Just months after Barak Obama swept into office on a campaign promise of “Change You Can Believe In,” the emergence of grass-roots opposition to his agenda in the form of Tea Parties has the far-left distraught. Pro-Obama reporters have depicted the Tea Party gatherings as angry mobs and have accused participants of hurling racial epithets at black members of Congress. In the forefront of the drive to create a false sense of hysteria is the Southern Poverty Law Center (SPLC).
In their report, “Rage on the Right: The Year in Hate and Extremism,” Intelligence Report, Spring 2010, asserts that the Tea Party movement is “shot through with rich veins of radical ideas, conspiracy theories and racism.” They quote radical scribe Chip Berlet, who breathlessly charges, “We are in the midst of one of the most significant right-wing populist rebellions in United States history.” The SPLC goes on to complain that only 25 percent of respondents to a recent NBC News/ Wall Street Journal poll think the federal government can be trusted. And, according to the SPLC, another dangerous sign of the times is the introduction in 37 state legislatures of “Tenth Amendment Resolutions,” based on the constitutional provision keeping all powers not explicitly given to the federal government with the states.
As anyone who has participates in a Tea Party can attest, the rallies are polite and peaceful, most often resembling family picnics on the Fourth of July. They are attended by mainstream Americans who are protesting, not hating. These Americans are just fed up with out-of-control government spending, the bail-outs of failed banks, car companies, and mortgage brokers who, the public was repeatedly told, are “too big to fail.” And note how defense of the Constitution is, in the eyes of the SPLC and their allies, an extreme position.
The SPLC, in their Summer 2010 Intelligence Report, castigates “The Enablers,” namely, “mainstream figures in politics and the media” who, they claim, are abetting “the resurgent antigovernment ‘Patriot’ movement….” According to the SPLC, the chief “Enablers” are:
• U.S. Rep. Michele Bachmann (R-MN), who they charge with “spreading fear of a menacing federal government infested with anti-American elements” and who has “used her office as a megaphone for outrageous claims and conspiracy theories.”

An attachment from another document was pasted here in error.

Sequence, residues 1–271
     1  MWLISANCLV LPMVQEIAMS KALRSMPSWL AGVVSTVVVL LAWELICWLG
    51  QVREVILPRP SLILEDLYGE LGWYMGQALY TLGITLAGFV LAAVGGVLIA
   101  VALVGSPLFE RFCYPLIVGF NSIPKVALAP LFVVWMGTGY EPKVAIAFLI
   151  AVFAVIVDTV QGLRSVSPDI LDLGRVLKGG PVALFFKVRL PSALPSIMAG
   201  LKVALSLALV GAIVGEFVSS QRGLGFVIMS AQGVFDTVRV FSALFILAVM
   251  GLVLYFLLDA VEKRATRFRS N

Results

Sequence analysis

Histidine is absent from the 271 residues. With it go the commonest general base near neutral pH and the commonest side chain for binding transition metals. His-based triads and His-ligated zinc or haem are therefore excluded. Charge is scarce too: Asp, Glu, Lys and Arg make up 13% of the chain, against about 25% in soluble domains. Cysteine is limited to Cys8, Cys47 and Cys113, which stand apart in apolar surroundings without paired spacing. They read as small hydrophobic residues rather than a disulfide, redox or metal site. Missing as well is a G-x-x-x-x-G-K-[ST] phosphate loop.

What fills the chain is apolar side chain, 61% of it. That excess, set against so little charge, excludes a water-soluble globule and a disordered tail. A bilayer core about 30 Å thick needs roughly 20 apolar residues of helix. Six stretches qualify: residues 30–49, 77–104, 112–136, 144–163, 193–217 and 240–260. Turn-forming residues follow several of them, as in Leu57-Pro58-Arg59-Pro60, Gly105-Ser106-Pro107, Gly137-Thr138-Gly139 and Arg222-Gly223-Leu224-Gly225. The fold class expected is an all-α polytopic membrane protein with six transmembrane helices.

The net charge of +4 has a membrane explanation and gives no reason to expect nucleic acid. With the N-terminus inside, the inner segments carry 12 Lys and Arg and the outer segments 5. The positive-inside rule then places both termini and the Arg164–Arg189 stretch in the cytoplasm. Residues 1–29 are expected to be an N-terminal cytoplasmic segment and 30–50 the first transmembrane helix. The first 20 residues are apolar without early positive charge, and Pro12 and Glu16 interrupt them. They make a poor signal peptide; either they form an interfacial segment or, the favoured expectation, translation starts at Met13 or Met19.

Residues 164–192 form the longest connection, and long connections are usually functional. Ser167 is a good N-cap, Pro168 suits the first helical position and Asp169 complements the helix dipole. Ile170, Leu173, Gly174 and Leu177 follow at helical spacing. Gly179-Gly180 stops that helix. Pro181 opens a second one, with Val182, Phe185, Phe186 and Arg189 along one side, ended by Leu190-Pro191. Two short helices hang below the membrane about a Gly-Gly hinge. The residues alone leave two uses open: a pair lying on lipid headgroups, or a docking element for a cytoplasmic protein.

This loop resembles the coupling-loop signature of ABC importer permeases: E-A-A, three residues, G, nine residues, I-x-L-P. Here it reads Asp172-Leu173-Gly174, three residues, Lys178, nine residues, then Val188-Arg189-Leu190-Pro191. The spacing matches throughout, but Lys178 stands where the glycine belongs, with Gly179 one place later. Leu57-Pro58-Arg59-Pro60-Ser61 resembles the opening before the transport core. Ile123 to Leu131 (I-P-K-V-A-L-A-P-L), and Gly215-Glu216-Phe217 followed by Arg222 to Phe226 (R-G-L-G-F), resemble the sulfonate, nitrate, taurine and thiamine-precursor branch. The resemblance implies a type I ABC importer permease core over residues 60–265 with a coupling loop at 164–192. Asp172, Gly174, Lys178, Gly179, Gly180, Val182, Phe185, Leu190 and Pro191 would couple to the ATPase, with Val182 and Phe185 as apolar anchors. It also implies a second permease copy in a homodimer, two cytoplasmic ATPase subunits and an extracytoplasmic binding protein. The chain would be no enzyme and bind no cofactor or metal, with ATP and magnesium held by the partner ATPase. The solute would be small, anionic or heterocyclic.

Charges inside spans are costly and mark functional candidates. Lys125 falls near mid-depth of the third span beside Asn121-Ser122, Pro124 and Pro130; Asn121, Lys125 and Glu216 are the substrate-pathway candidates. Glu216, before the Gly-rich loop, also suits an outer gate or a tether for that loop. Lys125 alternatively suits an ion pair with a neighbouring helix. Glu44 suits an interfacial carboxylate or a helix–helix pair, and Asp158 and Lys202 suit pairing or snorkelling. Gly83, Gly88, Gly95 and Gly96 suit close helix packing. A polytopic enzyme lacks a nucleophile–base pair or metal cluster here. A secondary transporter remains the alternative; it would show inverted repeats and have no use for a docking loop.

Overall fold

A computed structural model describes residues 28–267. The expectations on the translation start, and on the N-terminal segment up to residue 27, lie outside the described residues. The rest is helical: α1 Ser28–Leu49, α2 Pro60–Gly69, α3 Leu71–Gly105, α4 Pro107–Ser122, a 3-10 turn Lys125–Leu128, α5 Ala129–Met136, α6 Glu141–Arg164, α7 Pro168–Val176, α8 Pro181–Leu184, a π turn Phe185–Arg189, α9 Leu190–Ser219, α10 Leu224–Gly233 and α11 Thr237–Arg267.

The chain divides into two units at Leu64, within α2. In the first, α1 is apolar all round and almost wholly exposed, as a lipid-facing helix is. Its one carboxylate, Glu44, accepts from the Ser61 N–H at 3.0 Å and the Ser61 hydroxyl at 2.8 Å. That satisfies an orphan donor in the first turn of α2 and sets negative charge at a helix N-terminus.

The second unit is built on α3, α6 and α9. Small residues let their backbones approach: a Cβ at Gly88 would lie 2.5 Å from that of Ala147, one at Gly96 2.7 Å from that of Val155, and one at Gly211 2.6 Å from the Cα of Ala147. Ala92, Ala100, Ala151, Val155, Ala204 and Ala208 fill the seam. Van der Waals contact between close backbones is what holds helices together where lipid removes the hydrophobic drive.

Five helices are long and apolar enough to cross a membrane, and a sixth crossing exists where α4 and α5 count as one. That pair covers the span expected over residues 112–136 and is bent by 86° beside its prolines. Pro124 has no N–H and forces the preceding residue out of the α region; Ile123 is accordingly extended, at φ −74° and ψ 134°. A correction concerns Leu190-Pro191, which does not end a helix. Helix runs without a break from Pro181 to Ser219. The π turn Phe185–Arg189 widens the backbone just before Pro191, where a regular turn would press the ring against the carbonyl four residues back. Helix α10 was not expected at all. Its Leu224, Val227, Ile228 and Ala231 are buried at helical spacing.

• U.S. Rep. Paul Broun (R-GA), who the SPLC dubs the “Doctor of Demonization.” They complain that Broun, a M.D. by profession, publically attacked the Obama Administration’s health care “reform.” He is also “guilty” of defending the Second Amendment. These smear merchants complain that he called Nancy Pelosi “a domestic enemy of the Constitution.”
• U.S. Rep. Ron Paul, “Dr. No” as he is popularly known. The SPLC states that Rep. Paul “represents an accessible brand of patriot politics that helps validate and stoke fears of an overreaching government on the far right.”
• Glenn Beck, the popular Fox News Channel host, is “The Ringmaster” of the Tea Party movement, according to SPLC.
• Judge Andrew Napolitano, called “Fox Pox” by SPLC, is censured for speaking to pro-liberty activists who want to “cut the size and scope of government by about two-thirds or more.”
Without perceived “threats” the SPLC is out of business. Its business model is to issue “reports” charging anyone to their right is “a growing threat.” They embellish these absurd claims with bogus percentage increases of decried activity from one year to the next.
Over the years SPLC:
• warned of the “growing threat” of skinheads in 1989.
• In 1992 claimed, without evidence that “white supremacist groups” grew by 27 percent from the year before;
• In 1995 the SPLC created a nation-wide sense of hysteria over the false claim that black churches were being set on fire by racists. The SPLC charged that the FBI was unaware that “black church fires have risen dramatically.” But after careful investigation, it turned out that this “epidemic of hatred” was “a deliberate hoax,” as Michael Fumento detailed in articles in The Wall Street Journal and The American Spectator. In fact, there was a dramatic drop in the number of church arsons, with no evidence that black churches were being targeted. In the wake of this inflammatory campaign, the SPLC should have been thoroughly discredited;
• In 1998 the SPLC warned that the Internet was responsible for “the biggest surge in hate in America in years;”
• The following year the SPLC warned that internet-based hate groups increased 60 percent;
• In 2002 the SPLC charged that post-September 11 hate groups were on the rise;
• In 2004 the SPLC once again charged that skinhead groups had doubled from the previous year;
• In 2008 the SPLC warned that “hate groups” increased 48 percent since 2000.
As civil rights and anti-death penalty attorney Stephen B. Bright wrote,
Morris Dees is a con man and a fraud. He has raised millions upon millions of dollars with various schemes, never mentioning that he does not need the money because he has $175 million and two “poverty palace” buildings in Montgomery. He has taken advantage of naïve, well-meaning people “some of moderate or low incomes” who believe his pitches and give to his $175-million operation. He has spent most of what they have sent him to raise still more millions, pay high salaries, and promote himself. [“The Southern Poverty Business Model,” by Ken Silverstein, Harper’s, November 2, 2007.]Concerned citizens should ask: Who is really fanning the flames of fear?